Vigilance the word for Ascochyta Blight

Image of Ascochyta blight in a lentil crop

Ascochyta blight in a lentil crop.

PHOTO: Rohan Kimber

Growers who have planted back-to-back lentils or tight lentil rotations this season are urged to monitor crops closely for ascochyta blight during August, particularly if a wet winter prevails.

The need to monitor crops for ascochyta blight in this period is particularly important following research that identified changes in the aggressiveness of ascochyta blight.

These changes led to the loss of effective resistance to ascochyta blight in the previously widely grown NipperA variety four years after its commercialisation.

The research was co-funded by the GRDC and the South Australian Grain Industry Trust and was undertaken by the South Australian Research and Development Institute (SARDI), a division of Primary Industries and Regions SA, and the University of Melbourne.

The finding is significant because although Nipper has now reduced in popularity, in 2012 it accounted for 20 per cent of the total lentil area in southern Australia and reached as high as 30 per cent of the lentil area on SA’s Yorke Peninsula.

Now, PBA Hurricane XT, which also has genetic resistance to ascochyta blight and boasts a range of other agronomic advantages such as Group B herbicide tolerance, has taken over as one of the more popular varieties. There are predictions it could make up 50 per cent of the Australian lentil area in the future.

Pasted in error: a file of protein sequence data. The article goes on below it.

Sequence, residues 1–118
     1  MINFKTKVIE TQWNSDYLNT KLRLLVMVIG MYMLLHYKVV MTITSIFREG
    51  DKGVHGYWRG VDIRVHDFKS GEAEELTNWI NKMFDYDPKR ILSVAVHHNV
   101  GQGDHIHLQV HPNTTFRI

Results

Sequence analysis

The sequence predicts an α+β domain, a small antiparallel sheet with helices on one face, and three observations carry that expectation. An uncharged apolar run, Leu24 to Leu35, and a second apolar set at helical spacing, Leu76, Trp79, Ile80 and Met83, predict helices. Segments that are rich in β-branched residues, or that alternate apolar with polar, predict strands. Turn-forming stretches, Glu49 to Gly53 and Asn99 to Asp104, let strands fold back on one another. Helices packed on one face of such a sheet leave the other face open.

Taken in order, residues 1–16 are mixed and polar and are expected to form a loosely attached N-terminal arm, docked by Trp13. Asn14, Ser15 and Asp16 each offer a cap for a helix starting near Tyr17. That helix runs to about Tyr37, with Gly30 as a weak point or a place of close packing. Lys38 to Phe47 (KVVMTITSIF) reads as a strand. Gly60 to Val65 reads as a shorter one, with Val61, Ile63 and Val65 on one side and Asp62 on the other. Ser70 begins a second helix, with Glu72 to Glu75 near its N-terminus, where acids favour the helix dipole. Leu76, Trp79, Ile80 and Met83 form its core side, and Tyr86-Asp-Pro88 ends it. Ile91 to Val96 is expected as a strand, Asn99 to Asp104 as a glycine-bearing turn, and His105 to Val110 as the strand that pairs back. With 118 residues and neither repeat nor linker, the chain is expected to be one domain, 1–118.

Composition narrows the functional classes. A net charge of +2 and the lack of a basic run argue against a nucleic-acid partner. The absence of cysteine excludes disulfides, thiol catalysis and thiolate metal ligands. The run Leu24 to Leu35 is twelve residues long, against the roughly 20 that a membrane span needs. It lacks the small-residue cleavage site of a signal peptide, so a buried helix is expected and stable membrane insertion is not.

The research suggests that widespread planting of lentil varieties with Indianhead parentage, including PBA Hurricane XT, PBA Ace, PBA Bolt and PBA Herald XT, could lead to a similar outcome to that observed in Nipper.

Ascochyta blight affects grain yield and quality through seed abortion and seed staining.

SARDI senior pulse pathologist Dr Jenny Davidson says if growers observe symptoms of ascochyta blight in PBA Hurricane XT and PBA Jumbo2, they should send leaf samples to SARDI. 

“Growers should be monitoring crops closely, particularly in August if we have a wet winter, and implementing a foliar fungicide program,” Dr Davidson says.

“In high-risk areas such as the Yorke Peninsula, those growing susceptible to moderately susceptible varieties such as PBA Flash and Nipper need to do a vegetative spray if ascochyta blight is present in order to hold the disease back.

“Following that, growers need to monitor all lentil crops during flowering and podding. Anything with susceptibility in the crops would need to be sprayed during podding if ascochyta blight is present.”

Dr Davidson says growers would also need to be spraying fungicide ahead of rain events during spring.

For botrytis grey mould, Dr Davidson says all lentil crops should be sprayed at canopy closure or immediately before closure to protect against the disease.

Subsequent sprays, she says, will depend on spring rainfall. 

More information:

Dr Jenny Davidson
08 8303 9389

Dr Rebecca Ford
Griffith University

End of Ground Cover issue 123 (southern edition)
Read the accompanying Ground Cover Supplement:

'More Profit from Crop Nutrition II'

GRDC Project Code DAS00139

Region South